First Monday

From raped childhood to ruined childhood: Developing an aesthetic of childhood trauma in digital culture from 2001 to 2018 by Bethany Rose Lamont

This article examines the development of the ruined childhood genre of online comedy from 2001 to the early to mid 2010s. This cross-media genre of Internet humour, and horror, hinges on the corruption of American childhood media for the nostalgic, and often white, masculinist coded, adult fan. This subject is explored with the intention of understanding how an aesthetic of exaggerated negative affect is both identified and expressed within a parodic online context, before situating such performances within wider systems of power, commercial identity and nationalism. This is identified as a percussor to later media panics surrounding ‘cancel culture’ and childhood media. The article then explains how an analogue aesthetic of disrupted nostalgia can be analysed and understood through Simon Reynolds and Mark Fisher’s theory of hauntology. Key examples in the explored in the article include the Photoshop contests on Something Awful, Cracked Listicles, and Creepypasta lost episodes.


Introduction: Aims, objectives and positionality
Section one: Performatively traumatised fandom in 2000s to early 2010s white masculinist Internet comic cultures
Section two: Lost episodes and Creepypasta of the late 2000s to early 2010s



Introduction: Aims, objectives and positionality

This article examines the development of the ruined childhood genre of online comedy from 2001 to the early to mid 2010s. This cross-media genre of Internet humour hinges on a performative outrage surrounding the corruption of sites of American childhood media for the nostalgic, often white, masculinist coded, adult fan. The subject is explored with the intention of understanding how a parodic aesthetic of childhood trauma is both identified and expressed within a humorous online context, before situating such performances within wider systems of power, commercial identity and nationalism.

The first section considers the performatively traumatised fandom of 2000s to early 2010s white masculinist coded Internet comic culture, with the intention of understanding why these users chose to appropriate the language of sexual violence and childhood trauma to express their own anti-fandom experiences. This will be understood through the raped childhood rhetoric of dissatisfied fans of the Star Wars and Indiana Jones sequels, the community comedy and participatory engagements with ruined childhood themes in the early 2000s forums of Something Awful, and finally through the anxiety of aging expressed in the nostalgic and performatively pained listicles of the Cracked Web site in the early 2010s.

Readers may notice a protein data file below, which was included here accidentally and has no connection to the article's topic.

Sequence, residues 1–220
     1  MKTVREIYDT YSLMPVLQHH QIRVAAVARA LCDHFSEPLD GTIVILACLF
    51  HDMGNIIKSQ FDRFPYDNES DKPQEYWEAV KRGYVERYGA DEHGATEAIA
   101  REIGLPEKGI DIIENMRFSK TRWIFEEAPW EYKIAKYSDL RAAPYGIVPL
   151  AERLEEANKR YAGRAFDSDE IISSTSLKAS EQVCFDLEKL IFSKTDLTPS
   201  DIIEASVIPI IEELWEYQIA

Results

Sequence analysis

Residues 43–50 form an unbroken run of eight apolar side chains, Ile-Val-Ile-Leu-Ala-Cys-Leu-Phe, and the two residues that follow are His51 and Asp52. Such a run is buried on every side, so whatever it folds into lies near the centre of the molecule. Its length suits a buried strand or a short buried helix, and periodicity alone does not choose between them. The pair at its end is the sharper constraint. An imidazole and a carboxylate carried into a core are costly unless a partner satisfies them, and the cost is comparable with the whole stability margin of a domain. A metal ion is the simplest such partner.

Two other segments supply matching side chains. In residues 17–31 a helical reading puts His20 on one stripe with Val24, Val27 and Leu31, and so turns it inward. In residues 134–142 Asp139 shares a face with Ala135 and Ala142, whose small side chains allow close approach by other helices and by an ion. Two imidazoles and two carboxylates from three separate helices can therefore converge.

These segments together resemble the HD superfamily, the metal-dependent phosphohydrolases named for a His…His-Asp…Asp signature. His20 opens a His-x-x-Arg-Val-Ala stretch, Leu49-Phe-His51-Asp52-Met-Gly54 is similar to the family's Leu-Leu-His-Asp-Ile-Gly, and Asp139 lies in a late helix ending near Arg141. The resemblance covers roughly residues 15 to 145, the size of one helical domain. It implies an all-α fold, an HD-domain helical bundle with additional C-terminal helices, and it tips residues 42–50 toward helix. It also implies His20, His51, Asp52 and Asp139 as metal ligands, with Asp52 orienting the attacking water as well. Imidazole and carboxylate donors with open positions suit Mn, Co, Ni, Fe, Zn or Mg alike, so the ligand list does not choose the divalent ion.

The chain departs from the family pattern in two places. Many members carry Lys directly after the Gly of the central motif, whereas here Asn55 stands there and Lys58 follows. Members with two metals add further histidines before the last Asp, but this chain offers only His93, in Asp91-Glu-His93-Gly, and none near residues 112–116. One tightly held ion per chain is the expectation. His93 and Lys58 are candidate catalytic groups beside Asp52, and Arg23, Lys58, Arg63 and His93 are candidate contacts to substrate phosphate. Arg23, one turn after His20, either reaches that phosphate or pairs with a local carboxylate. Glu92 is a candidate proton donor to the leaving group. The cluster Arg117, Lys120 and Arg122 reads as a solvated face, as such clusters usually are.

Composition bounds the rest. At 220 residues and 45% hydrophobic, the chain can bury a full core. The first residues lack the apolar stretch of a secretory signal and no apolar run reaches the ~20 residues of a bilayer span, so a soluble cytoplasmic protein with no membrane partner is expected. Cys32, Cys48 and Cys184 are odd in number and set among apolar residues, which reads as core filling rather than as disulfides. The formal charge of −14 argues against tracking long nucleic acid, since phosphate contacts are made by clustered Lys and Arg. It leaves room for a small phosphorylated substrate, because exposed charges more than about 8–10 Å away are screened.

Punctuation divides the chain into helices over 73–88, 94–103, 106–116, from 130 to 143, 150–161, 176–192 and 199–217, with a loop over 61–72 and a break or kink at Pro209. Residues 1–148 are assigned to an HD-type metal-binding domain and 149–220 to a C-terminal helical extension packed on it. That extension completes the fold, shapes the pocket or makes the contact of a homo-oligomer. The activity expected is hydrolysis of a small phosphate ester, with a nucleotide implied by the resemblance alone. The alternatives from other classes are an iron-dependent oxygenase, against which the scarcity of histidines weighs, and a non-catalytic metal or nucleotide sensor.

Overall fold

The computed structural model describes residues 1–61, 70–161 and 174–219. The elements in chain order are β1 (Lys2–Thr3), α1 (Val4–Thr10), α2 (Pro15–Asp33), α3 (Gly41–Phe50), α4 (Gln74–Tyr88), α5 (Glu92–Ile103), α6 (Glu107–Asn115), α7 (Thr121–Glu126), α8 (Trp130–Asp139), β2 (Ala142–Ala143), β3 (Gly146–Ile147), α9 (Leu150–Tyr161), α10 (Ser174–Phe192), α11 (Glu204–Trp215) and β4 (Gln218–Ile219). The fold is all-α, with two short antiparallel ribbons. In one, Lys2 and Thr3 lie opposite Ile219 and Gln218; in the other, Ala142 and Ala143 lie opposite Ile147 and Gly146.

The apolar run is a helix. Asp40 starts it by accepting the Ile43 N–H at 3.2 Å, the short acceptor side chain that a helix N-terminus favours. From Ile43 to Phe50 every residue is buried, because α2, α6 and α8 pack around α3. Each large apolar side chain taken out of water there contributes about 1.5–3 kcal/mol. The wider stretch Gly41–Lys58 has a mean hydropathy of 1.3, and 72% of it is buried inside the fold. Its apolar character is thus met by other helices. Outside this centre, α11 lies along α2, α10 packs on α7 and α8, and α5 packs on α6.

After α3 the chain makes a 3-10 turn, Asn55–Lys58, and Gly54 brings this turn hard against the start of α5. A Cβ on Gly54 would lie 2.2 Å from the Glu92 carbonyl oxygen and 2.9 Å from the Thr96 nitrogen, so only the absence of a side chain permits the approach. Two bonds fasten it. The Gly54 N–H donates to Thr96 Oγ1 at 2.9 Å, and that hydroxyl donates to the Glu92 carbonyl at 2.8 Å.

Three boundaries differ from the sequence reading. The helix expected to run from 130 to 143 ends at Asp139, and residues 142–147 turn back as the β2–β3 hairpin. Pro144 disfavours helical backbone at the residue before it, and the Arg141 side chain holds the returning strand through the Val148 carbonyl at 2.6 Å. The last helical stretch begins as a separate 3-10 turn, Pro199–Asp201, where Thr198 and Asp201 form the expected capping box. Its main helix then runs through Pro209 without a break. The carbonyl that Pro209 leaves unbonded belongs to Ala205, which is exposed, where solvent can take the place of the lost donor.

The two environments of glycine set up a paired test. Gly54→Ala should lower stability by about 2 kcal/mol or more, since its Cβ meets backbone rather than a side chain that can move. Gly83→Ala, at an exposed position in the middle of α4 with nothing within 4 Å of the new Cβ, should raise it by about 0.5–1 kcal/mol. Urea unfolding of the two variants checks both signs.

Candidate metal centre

In the second section, the visual language of ruined childhood is considered through examples of Creepypasta lost episodes: online horror stories told through the medium of familiar childhood screen media. Here the nostalgic subject is returned to analogue style image making, which is analysed and understood through Simon Reynolds and Mark Fisher’s theory of hauntology, with the intention of understanding how the aesthetic of technological affect may enable such ruined childhood styles of nostalgia themed horror.

This research is undertaken with the aim of understanding the questions: What does it mean to divorce childhood from its material realities, and towards a commercial product for adults to consume and criticise? Whose childhood is privileged and how did this model of humour predict later media panics in the late 2010s and early 2020s surrounding childrens media and ‘cancel culture’? And finally, how can technological imaging project and invent uniquely horrific visions of childhood media nostalgia?